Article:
What is a second cousin?


26 April 2024
What is a second cousin We explain how second cousins are related
What is a second cousin? Or a third cousin once removed? Such 'cousin relationship' terms can often be very confusing, but they don't have to be. Work out who’s who on your family tree and don't forget to claim your free Family Tree Relationship Calculator.

Although most of us are confident in working out the cousins, aunts, uncles and even great-grandparents on our family tree, terms such as ‘second cousin once removed’ can be more of a challenge. It takes a bit of concentration and focus to grasp the concept, but when you see it on your family tree it becomes a little clearer.

So here’s how to calculate who’s who when exploring family relationships.

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What is a first cousin?

Let's start with the simple.

Your first cousin is the cousin with the closest relationship to you, with both of you sharing the same grandparent. Their parents will be your aunt and uncle, you probably know them well, spend Christmas with them, perhaps, or at least get to hear about what they're up to from your relatives.

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What is a second cousin?

Moving logically on from this, a second cousin is one further step 'up the tree' and is a relative who shares the same great-grandparent with you. So they're more distant family members, and might be more familiar to your parents or grandparents.

You'll no doubt have worked out that the words ‘first’, ‘second’ or ‘third’, and so on, simply describe the number of generations between the cousin concerned and your common ancestor with them.

  • First cousins share the same grandparents
  • Second cousins have great-grandparents in common
  • Third cousins share the same great-great-grandparents
  • Fourth cousins share the same great-great-great-grandparents …and so on.

The family tree chart below helps to understand your relationship to a second cousin, and you'll obviously find many of these cousins when working on your genealogy. Some may even have researched much of your family tree, since you'll share many ancestors as you go back through the years. In fact, knowing your more distant cousins can be a great advantage when researching your genealogy, they might have vital information that was passed down on their side of the family.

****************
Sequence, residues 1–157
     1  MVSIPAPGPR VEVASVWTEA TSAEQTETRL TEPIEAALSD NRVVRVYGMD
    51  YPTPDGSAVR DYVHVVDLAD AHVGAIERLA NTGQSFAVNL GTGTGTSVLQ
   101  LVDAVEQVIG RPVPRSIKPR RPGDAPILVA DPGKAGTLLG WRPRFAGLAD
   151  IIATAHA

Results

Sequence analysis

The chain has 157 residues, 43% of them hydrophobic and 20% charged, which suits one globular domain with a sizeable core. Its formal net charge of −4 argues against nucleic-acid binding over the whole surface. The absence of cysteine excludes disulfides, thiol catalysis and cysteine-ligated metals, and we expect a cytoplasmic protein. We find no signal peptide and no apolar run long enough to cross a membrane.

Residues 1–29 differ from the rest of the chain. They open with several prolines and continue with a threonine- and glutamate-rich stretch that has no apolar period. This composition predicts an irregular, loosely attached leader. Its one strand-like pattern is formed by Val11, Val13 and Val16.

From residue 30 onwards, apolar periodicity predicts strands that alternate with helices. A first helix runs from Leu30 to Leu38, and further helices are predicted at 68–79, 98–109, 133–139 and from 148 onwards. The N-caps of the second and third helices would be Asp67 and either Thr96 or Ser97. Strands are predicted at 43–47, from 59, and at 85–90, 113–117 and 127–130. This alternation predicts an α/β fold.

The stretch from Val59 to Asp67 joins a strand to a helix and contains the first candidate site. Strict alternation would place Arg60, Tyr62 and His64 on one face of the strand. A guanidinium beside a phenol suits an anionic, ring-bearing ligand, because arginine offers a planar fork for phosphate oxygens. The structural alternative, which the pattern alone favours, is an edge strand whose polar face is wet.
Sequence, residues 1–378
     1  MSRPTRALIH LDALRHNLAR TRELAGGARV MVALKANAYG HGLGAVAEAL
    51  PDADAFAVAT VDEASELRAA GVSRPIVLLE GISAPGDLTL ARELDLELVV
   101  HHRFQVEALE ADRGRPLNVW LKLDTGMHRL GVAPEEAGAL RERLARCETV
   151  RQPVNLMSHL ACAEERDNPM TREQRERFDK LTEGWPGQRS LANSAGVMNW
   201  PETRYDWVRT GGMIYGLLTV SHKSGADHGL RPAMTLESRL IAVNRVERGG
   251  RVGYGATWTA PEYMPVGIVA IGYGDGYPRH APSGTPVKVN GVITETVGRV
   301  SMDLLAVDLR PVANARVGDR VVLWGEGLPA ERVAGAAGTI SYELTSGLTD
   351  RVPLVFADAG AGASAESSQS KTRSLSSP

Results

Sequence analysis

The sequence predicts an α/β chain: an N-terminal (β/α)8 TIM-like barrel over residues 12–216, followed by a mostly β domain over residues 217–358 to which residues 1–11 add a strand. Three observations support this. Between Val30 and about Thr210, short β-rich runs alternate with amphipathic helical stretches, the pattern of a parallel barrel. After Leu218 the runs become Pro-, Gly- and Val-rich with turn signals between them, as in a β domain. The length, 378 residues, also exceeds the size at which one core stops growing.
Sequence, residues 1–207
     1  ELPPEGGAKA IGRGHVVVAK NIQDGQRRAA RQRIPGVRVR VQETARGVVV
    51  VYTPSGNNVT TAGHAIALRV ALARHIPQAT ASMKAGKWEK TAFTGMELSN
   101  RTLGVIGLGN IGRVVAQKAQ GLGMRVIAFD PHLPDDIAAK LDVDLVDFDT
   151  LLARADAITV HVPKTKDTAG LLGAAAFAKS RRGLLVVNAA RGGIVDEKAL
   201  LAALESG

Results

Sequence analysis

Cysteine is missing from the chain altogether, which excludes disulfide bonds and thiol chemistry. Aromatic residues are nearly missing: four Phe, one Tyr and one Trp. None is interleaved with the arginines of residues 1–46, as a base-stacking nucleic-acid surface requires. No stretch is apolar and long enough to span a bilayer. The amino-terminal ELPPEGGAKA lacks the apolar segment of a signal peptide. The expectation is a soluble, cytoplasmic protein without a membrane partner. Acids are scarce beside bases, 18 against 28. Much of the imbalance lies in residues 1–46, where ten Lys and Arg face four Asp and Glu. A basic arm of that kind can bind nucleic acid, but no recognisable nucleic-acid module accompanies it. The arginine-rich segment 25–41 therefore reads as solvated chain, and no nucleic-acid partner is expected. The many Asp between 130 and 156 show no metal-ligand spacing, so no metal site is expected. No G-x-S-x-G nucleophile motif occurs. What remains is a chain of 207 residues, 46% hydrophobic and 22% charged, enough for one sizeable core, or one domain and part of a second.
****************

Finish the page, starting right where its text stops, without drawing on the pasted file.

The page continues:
What is a second cousin - diagram

What is a second cousin 'once removed'?

Understanding the term 'removed' can add a layer of complexity, but it simply means that the first, second, etc cousins are in a different generation to each other.

The chart above shows this relationship, with 'YOU' on a different level than the 'FIRST COUSIN (once removed)'. The first cousin is in the same generation as your parents, aunts and uncles. In the chart above they are your parent's cousin.

'Removed' simply means 'one generation away' and it can go either up or down the family tree. So, for example, a second cousin once-removed is the child or parent of a second cousin. It can be a challenge to understand, so here's another chart to help out…

Second cousin twice removed diagram

So our second chart shows that the 'second cousin once removed' (highlighted in green) is one generation away from 'YOU' - but it can be either way. We can see a 'second cousin once removed' both below and above the generation containing YOU and your cousins.

What about 'twice removed'?

The term 'twice removed' further adds to the generational gap, signifying a two-generation difference between relatives. Therefore, your second cousin's grandchild or your grandparent's second cousin would be referred to as 'twice removed'.

Generally speaking, and as you might imagine, first cousins possess a greater degree of shared genetic material compared to second cousins, while second cousins, in turn, exhibit a higher genetic resemblance than third cousins.

What about half cousins?

Just like you can have a half brother or sister, you can also have half cousins. This is when the two cousins have just one grandparent in common. Nobody needs telling that families can be complicated and so there are many different possible combinations - it might take a bit of working out, but it's worth it as we explore our family tree and discover new relatives, ancestors and, perhaps most excitingly, their many stories. 

Grab a copy of the Family Tree Relationship Calculator

For a quick and easy way to discover who’s who on your family tree, grab a copy of the relationship calculator.

Just sign up to receive the Family Tree newsletter and we'll send you a copy to download and print out.

To use the calculator, simply visualise the ancestor that you and another relative have in common and how they would describe you, eg you might both be a great-grandchild of that ancestor.

So on the horizontal column, find ‘great grandchild’ and with your finger, move along the chart, until the vertical column for ‘great grandchild’ meets that point – and you’ll see that the two of you are second cousins.

Or if you are that ancestor’s grandchild and your relative would be their great-grandchild, find the column on the horizontal row, then follow along looking at where the vertical column ‘great grandchild’ meets that point – the two of you are first cousins once removed, ie you are first cousins in different generations.

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